When Schiff refused to pay, Newman sued. Should Newman prevail? Explain.
Irwin Schiff is a self-styled “tax rebel” who has made a career, and substantial profit, out of his tax protest activities. On February 7, Schiff appeared live on CBS News Nightwatch, a late-night program with a viewer participation format. During the broadcast, Schiff repeated his assertion that nothing in the Internal Revenue Code stated that an individual was legally required to pay federal income tax. Schiff then challenged, “If anybody calls this show—I have the Code—and cites any section of this Code that says an individual is required to file a tax return, I will pay them $100,000.” Call-in telephone numbers were periodically flashed on the screen. John Newman, an attorney, did not see Schiff’s live appearance on Nightwatch. Newman did, however, see a two-minute videotaped segment, including Schiff’s challenge, which was rebroadcast several hours later on the CBS Morning News. Newman researched the matter that same day and on the following day, February 9, placed a call using directory assistance to CBS Morning News stating that the call was performance of the consideration requested by Mr. Schiff in exchange for his promise to pay $100,000. When Schiff refused to pay, Newman sued. Should Newman prevail? Explain.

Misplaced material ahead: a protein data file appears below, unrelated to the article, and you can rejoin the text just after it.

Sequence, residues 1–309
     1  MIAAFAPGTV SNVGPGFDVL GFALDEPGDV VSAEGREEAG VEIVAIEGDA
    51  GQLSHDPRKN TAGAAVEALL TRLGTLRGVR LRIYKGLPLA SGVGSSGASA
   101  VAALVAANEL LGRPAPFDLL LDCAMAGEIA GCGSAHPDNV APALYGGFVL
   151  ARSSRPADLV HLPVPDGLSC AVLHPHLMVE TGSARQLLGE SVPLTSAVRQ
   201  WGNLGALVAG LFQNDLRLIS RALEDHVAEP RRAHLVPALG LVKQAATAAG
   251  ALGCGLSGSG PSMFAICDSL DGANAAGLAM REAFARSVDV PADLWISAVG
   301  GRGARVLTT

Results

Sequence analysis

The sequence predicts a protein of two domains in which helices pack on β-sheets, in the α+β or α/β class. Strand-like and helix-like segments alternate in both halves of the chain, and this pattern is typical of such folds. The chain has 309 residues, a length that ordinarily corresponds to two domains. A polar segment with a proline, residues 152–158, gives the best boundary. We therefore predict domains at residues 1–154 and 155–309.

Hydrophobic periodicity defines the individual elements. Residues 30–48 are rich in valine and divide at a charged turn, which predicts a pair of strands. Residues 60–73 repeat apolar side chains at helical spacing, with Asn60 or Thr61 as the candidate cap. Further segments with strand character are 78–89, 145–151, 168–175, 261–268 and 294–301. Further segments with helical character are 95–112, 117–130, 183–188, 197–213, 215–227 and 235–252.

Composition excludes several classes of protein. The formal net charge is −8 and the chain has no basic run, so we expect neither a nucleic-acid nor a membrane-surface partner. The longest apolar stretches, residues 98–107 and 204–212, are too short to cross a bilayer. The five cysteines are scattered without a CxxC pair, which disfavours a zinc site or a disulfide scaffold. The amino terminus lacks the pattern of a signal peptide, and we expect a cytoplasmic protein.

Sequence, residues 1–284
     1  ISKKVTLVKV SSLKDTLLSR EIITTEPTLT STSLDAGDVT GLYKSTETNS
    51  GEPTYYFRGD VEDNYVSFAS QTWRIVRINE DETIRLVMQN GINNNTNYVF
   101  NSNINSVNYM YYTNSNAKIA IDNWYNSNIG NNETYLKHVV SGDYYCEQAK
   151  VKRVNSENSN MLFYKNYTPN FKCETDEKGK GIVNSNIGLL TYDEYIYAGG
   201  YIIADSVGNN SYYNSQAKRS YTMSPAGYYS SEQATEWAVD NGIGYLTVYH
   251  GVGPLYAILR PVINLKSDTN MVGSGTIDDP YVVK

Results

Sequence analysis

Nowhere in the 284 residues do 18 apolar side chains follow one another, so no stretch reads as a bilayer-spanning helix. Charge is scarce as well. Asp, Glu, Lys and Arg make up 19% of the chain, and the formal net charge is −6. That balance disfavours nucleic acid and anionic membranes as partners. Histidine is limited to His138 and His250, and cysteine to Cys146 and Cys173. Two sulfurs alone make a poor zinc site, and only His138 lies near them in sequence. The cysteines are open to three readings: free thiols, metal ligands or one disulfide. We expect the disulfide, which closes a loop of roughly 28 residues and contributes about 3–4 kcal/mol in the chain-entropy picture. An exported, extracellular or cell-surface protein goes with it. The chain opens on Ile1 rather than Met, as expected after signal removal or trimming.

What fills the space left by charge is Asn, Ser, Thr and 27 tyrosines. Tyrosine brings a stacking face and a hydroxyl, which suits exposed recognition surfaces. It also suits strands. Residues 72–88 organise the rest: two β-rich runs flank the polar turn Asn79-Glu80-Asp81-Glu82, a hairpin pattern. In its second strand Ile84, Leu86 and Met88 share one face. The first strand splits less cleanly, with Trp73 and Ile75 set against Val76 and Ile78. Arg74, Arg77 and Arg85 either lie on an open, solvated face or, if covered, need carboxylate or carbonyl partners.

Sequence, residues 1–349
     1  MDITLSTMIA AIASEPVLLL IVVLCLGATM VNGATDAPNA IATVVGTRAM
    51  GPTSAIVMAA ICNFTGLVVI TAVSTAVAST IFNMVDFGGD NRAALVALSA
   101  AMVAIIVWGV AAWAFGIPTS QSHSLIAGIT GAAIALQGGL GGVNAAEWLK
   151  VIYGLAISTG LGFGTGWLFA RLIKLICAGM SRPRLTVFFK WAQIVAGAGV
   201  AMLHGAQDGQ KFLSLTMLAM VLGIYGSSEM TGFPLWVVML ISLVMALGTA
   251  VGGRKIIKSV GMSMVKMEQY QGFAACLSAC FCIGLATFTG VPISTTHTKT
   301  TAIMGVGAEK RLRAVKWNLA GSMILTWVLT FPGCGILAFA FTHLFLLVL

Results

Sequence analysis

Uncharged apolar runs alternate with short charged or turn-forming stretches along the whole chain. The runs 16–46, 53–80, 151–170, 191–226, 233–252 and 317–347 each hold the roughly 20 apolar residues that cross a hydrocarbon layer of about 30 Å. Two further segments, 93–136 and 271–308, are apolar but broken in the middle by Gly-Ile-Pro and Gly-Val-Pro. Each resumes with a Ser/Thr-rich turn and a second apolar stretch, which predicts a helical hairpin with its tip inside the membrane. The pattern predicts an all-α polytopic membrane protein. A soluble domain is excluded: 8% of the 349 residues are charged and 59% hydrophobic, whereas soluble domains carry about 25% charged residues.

This case encompasses the time span of the offer. Individual S is the offeror, a person who makes the offer, and it is clear from the words of Individual S that $100000 is going to be paid by them to anybody who calls the show, which is broadcasted live, with the numbers shown on the screen.
Individual N called after seeing the news report but it was too late since the offer was open only for a limited time span of the live broadcast. Individual S's offer did not serve to widen the original offer. This is shown in a report of News C in the morning and the offer was valid only for the night show.
No, Individual N is not going to triumph since the offer is already closed.
No contract has been formed between Individual N and Individual S since the acceptance was inopportune by the Individual N.